|Flying Squirrel Boxing Productions|
|The KO Picture Show|
|Presents. . .|
|The Punch (2002)
"Three Words: TOPLESS FEMALE BOXING!"
The movie that broke my spirit.
My plan was to review this movie for "Fistic Female Month" back in July. I had planned to write it up earlier in the female boxing-themed line-up, but after my initial viewing, the prospect of penning a review for it weighed heavily on my mind. Not only was the exploitative subject matter a severe departure from the fantastic and respectable efforts put forth by the stars of the month's marathon (Lucia Rijker of Shadow Boxers (1997), Michelle Rodriguez of Girlfight (2000), and Hilary Swank of Million Dollar Baby (2004)), but the entire production had something much greater hanging over its head. Something deep. Something dark.
Something irrepressibly icky.
And while I try to be as objective a reviewer as possible, it was just not possible during this movie. I know it seems strange, but a film that features "Topless Female Boxing" had far more disturbing elements to it. I apologize in advance if this review contains a great deal of digression in it, but it's the only way I can explain how this thing affected me.
Ariel (Sonja Bennett) is an 18-year old with some serious issues. Ever since an extremely traumatic childhood incident, Ariel has become very violent and emotionally stunted, so much so that she has to be home-schooled and has almost no friends. The most important person in her life is her father, Sam (Riley), a doctor who has lived with the sorrow of losing his wife and has, inadvertently, fed his daughter's destructive behavior. Mainly by being a total sadsack loser. But also, Sam seems completely oblivious to his daughter's total fixation on him. It all comes to a head when Sam brings home a date for the first time in a LONG time. Things start out as just merely uncomfortable between Ariel and Dad's date, Mary (Marcia Laskowski). But things quickly move from Ariel just being rude throughout dinner until the end of evening when Ariel punches Mary in the face for some perceived slight.
The tone for this first half hour is definitely tense. Sonja Bennett plays Ariel as a very confused yet emotionally explosive young woman. Some scenes she comes off as just a brat, while at other times she seems legitimately vulnerable. But running beneath all of this seems to be a VERY misplaced ATTRACTION to her father. A scene where she implores her doctor father to give her an impromptu breast exam definitely gave me the jibblies. I'd like to think this was intentional. If this were a different movie, I'd give the performance and the direction more credit, but, as I said, this production had something much larger hovering just above it. Something wrong. Something off.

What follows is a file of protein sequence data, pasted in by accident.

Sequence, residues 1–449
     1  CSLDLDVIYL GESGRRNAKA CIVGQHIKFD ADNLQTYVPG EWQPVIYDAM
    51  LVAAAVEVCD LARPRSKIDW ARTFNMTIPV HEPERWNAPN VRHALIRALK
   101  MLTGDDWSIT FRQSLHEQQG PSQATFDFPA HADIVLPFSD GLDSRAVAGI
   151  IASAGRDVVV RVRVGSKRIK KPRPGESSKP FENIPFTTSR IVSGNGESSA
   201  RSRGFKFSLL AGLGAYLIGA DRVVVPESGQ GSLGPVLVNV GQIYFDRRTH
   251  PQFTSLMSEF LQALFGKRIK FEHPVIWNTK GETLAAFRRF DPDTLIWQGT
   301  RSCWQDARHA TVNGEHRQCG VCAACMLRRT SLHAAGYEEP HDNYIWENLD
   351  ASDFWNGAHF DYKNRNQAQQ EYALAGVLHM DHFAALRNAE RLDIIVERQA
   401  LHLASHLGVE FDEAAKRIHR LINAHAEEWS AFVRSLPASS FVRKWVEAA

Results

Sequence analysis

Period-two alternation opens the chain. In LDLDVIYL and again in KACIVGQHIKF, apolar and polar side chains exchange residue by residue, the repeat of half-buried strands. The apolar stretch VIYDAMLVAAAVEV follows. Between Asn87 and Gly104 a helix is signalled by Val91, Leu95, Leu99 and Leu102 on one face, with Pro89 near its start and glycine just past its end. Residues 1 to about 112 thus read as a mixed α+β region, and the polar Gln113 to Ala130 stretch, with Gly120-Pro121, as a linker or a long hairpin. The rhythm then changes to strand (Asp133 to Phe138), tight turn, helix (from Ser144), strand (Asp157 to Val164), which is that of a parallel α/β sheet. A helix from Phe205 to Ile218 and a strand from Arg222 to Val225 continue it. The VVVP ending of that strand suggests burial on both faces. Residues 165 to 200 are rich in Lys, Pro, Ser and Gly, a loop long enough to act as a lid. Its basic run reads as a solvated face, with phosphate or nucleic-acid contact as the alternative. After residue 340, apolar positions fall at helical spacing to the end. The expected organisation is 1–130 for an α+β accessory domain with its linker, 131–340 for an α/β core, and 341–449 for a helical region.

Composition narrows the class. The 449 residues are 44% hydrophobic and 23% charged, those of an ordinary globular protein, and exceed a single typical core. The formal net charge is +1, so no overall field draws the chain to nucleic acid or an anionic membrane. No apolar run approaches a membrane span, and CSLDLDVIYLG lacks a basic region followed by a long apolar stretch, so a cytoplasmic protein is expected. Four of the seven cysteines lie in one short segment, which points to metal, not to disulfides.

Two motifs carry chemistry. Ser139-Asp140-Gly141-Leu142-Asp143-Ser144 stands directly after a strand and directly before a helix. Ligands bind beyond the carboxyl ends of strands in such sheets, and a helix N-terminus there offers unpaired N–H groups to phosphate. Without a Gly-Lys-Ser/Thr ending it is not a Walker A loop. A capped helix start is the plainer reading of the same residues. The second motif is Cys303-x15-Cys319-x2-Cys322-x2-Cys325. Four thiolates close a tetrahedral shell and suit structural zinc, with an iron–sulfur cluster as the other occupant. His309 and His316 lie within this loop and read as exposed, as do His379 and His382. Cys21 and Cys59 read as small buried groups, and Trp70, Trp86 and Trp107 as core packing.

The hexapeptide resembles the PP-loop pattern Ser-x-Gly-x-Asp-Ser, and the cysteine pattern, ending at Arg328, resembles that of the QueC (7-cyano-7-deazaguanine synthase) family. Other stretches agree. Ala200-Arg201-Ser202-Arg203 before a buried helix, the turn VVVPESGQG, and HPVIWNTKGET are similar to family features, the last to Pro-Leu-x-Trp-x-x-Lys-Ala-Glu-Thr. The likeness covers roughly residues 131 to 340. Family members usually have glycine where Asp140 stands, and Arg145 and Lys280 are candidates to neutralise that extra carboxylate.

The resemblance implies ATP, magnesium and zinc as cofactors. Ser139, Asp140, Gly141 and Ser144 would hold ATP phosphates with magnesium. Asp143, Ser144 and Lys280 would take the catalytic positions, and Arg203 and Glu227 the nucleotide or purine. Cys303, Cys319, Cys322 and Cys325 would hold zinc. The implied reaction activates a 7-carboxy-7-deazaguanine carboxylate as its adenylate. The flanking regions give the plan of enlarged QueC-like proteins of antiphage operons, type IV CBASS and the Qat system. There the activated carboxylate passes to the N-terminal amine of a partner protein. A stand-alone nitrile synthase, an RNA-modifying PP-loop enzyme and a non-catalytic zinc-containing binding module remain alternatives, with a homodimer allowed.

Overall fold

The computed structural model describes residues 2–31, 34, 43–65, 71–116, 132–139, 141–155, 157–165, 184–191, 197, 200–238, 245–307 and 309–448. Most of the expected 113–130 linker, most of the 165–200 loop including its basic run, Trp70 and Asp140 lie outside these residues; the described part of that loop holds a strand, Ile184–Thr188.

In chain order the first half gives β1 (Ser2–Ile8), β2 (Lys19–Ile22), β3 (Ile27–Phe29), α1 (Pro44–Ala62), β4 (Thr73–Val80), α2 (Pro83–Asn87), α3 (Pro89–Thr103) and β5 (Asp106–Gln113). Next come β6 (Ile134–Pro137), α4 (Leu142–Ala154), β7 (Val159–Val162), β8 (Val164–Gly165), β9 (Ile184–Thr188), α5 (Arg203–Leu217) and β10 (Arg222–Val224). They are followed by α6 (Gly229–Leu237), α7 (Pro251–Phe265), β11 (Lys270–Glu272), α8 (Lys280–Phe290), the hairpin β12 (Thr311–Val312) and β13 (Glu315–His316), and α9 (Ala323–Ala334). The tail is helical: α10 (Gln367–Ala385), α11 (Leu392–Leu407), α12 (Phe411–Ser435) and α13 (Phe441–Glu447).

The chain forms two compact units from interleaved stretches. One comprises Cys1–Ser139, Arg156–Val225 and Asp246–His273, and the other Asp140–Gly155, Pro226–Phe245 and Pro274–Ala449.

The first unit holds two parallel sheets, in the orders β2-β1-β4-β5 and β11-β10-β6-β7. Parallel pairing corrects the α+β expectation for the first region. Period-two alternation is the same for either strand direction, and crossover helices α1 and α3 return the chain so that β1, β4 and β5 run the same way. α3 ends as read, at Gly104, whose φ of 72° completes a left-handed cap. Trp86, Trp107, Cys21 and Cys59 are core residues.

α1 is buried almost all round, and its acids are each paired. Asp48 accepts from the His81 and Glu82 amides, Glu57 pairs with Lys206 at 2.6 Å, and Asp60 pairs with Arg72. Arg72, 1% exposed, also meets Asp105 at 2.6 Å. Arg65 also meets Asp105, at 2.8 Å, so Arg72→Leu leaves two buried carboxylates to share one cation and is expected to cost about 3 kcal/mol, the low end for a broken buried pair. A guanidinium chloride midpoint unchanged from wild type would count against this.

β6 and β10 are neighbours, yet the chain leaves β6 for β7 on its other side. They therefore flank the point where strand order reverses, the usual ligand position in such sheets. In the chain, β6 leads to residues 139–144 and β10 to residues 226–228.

Something inconceivably barfy.
Anyway, by a very long-odds coincidence, Dad's date Mary happens to have a sister who makes her living as a Topless Female Boxer. Give yourself a moment to soak that in. Mary's sister, Julie (Meredith McGeachie), is the best Topless Female Boxer on the Canadian bar circuit apparently, a title she relishes and takes surprisingly serious. Now, being that this is the type of movie that it is, coupled with the fact that it's most likely being viewed at 2 AM on Cinemax, we naturally get some Topless Female Boxing footage. And herein lies a thematic problem. The fact that the female boxing is TOPLESS would hint towards some level of titillation. The 'bouts' are being held in a bar in front of a pretty large, very loud, and mostly male audience. But the spell is broken by 2 factors. 1) Not to be picky, but the ladies in the ring are of the variety that I, and many others I believe, would prefer NOT to see topless. Including our champion, Julie. While I'm sure they're all lovely women with fantastic personalities... let me be frank... I'm talking about ugly boobs. I mean, come on! It's Topless Female Boxing! If the crowd's there for the boxing skill, I'd be very surprised. This is compounded by the fact that Julie takes her 'career' deadly serious. It's not about the toplessness for her. It's all about the glory and sportswomanship, apparently. But when it comes to family, she is far more volatile. She stops by to see her sister Mary at work, and when she notices the shiner her sis is sporting, she demands revenge. Mary just wants to drop it, but Julie pushes the issue and eventually finds out who socked her sister and confronts Ariel and Sam.